6.3/10 (25,534 votes)
82% (179 reviews)
40%

Crawl Movie Details

Directed by Alexandre Aja
Produced by
  • Craig J. Flores
  • Sam Raimi
  • Alexandre Aja
Written by
  • Michael Rasmussen
  • Shawn Rasmussen
Starring
  • Kaya Scodelario
  • Barry Pepper
Music by
  • Max Aruj
  • Steffen Thum
Cinematography Maxime Alexandre
Edited by Elliot Greenberg
Production company
  • Ghost House Pictures
  • Raimi Productions
Distributed by Paramount Pictures
Release date
  • July 12, 2019
Running time
87 minutes
Country United States
Language English
Budget $13.5 million
Box office $89.1 million

 

I was lucky (and I’m not saying that ironically) enough to get to see Crawl at the end of July as a Cineworld Secret Screening. As expected there were a few walkouts, but for those of us who stayed, this was a surprisingly fun film.

Florida University student Haley (Kaya Scodelario), leaves swimming practice to the news that there’s a category 5 hurricane on the way. Struggling to get in contact with her father, Dave (Barry Pepper), she drives into the evacuated area to try to find him at his home. She discovers him trapped down in the basement with the water gradually rising. Haley tries to help him escape, but it turns out they’re not alone in the basement. That’s right, there’re also alligators down there blocking the exit.

So, there’s no hiding the fact that this is a silly movie. I had seen a trailer beforehand and so kinda knew what was the film was going to be. I think the closest comparison I could make is that it’s a bit like ‘Deep Blue Sea’, but with alligators instead of sharks.

Those who would seek to criticize the film could refer to some of the more unrealistic moments. For example, one of the main issues I had (which became laughably bad) was the fact that our protagonist should probably have died many times over; or at least lost some limbs.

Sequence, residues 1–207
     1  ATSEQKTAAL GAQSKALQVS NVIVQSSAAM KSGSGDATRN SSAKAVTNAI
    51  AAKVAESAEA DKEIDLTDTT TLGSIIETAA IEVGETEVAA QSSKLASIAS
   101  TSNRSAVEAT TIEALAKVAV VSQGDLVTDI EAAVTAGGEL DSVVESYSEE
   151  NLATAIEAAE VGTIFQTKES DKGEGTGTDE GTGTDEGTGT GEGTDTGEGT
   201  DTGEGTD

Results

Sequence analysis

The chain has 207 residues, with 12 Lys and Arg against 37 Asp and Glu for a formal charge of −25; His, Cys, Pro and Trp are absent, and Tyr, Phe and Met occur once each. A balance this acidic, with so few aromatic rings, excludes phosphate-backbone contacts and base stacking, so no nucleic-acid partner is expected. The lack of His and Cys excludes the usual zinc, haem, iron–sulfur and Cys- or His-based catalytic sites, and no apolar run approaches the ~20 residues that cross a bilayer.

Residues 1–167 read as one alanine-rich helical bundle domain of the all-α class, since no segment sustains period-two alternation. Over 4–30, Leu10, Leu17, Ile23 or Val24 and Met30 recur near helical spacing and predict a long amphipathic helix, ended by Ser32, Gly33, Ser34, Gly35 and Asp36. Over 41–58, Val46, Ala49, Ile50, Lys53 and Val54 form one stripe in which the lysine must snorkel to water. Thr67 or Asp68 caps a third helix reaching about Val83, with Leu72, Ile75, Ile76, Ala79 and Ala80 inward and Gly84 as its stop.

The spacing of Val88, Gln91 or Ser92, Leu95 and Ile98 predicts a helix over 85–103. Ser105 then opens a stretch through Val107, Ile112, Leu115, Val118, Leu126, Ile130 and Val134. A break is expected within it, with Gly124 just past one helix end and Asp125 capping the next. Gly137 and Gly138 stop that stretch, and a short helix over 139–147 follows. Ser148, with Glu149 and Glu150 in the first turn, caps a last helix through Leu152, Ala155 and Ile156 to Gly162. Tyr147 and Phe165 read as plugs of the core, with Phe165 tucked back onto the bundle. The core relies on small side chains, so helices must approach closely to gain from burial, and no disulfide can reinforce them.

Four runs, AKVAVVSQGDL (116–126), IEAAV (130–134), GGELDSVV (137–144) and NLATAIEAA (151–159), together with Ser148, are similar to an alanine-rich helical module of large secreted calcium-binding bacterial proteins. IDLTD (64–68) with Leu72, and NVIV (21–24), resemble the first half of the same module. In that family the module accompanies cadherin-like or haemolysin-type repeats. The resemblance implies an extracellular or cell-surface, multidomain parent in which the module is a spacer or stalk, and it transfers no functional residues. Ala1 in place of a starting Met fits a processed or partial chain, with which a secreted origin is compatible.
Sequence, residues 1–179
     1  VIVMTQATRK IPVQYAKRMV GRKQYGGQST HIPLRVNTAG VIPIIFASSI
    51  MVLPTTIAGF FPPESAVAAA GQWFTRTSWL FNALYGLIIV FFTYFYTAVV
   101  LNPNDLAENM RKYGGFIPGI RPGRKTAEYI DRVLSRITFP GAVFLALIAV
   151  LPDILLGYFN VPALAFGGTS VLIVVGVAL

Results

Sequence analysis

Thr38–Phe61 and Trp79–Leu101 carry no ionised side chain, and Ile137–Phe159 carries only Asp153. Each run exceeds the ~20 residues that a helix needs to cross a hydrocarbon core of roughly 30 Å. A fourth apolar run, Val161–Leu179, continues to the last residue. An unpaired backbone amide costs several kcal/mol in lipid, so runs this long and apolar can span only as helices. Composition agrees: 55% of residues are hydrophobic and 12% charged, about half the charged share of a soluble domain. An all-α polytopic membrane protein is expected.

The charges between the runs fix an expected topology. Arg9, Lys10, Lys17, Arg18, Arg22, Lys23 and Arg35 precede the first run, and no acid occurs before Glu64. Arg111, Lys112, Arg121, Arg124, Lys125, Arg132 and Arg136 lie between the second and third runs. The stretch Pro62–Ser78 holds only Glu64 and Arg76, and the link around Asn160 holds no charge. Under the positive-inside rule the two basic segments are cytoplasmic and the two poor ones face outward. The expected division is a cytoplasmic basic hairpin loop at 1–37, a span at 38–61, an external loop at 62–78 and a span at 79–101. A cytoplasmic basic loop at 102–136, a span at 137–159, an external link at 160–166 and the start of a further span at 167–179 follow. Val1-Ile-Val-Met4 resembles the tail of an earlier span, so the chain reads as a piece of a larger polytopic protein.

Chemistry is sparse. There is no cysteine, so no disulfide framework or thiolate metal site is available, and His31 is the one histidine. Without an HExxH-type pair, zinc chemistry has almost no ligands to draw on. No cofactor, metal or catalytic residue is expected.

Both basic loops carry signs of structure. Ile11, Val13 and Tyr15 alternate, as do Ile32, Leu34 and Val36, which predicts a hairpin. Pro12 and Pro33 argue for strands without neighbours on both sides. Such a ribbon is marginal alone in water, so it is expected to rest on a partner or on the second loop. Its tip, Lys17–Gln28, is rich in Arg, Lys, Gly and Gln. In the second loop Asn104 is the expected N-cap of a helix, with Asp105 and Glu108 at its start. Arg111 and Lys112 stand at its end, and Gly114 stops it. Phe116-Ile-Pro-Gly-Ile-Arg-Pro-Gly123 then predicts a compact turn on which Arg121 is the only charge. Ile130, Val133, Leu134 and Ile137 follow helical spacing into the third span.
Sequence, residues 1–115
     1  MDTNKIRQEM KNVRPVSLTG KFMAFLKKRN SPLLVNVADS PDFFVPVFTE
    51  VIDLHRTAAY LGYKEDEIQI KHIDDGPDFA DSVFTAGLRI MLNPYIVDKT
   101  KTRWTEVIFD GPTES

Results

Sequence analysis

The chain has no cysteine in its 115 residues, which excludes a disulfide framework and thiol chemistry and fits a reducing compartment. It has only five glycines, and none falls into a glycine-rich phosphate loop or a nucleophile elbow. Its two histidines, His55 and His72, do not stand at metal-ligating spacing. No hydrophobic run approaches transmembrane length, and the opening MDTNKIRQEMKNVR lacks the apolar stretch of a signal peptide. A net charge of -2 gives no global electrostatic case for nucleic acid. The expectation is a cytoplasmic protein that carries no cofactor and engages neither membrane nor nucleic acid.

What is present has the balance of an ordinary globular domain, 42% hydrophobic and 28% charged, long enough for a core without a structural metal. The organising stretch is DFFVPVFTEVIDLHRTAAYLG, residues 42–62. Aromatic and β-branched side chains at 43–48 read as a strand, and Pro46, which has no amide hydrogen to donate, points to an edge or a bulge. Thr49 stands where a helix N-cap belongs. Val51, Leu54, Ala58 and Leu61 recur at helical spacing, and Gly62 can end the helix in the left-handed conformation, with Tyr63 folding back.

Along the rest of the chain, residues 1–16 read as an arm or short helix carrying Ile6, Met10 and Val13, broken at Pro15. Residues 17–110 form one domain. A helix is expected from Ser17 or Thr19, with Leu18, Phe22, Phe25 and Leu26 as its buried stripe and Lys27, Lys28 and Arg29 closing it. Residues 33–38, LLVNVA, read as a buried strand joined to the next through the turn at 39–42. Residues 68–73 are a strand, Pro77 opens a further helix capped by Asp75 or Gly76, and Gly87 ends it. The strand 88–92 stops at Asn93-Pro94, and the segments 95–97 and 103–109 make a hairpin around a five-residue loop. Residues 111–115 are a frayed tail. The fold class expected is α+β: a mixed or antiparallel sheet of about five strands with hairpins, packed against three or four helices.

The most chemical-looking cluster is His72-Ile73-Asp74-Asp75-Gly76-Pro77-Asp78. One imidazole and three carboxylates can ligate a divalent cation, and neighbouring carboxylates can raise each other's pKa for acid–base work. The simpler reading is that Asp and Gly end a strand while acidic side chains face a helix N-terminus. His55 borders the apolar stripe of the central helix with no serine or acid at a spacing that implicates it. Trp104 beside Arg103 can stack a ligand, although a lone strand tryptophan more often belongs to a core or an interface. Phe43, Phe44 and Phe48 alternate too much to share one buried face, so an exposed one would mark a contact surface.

There were also a number of conveniences, like people showing up or doing something just at the right time to allow something else to happen. In a film like this however, I think you just have to allow for these and accept the film for exactly what it is.

Unlike something like ‘Sharknado’ however, this film takes itself seriously. It knows that it’s a cheap monster movie, but it actually sets itself up as a genuinely tense survival thriller. I even jumped a couple of times. The race against time element of the rising water, coupled with the gory horror of the alligators, is somewhat formulaic, but it works.

What‘s required to elevate such a film above TV movie obscurity, in my opinion, is decent CGI and good performances. To my surprise, given the low budget, the alligators looked realistic enough, which was great. I also thought Scodelario and Pepper gave really good performances – Pepper especially. When you’re in a race against time perhaps that isn’t the best moment to have a heart to heart conversation, but nonetheless Pepper’s delivery of the script was impressive.

Something else I did not expect was the amount of humor there would be. Despite their lives being in danger for the vast majority of the film, there was quite a consistent amount of laughs. This was a pleasant surprise, just adding to the silliness of the whole experience. There’s even one final laugh reserved for the credits, which actually got the biggest laugh of the whole film and left the audience all smiling as they left the cinema. I’m smiling now just thinking about it.

It’s no classic, but if you fancy some old fashioned monster movie fun, you could do a lot worse than going to see Crawl.

 

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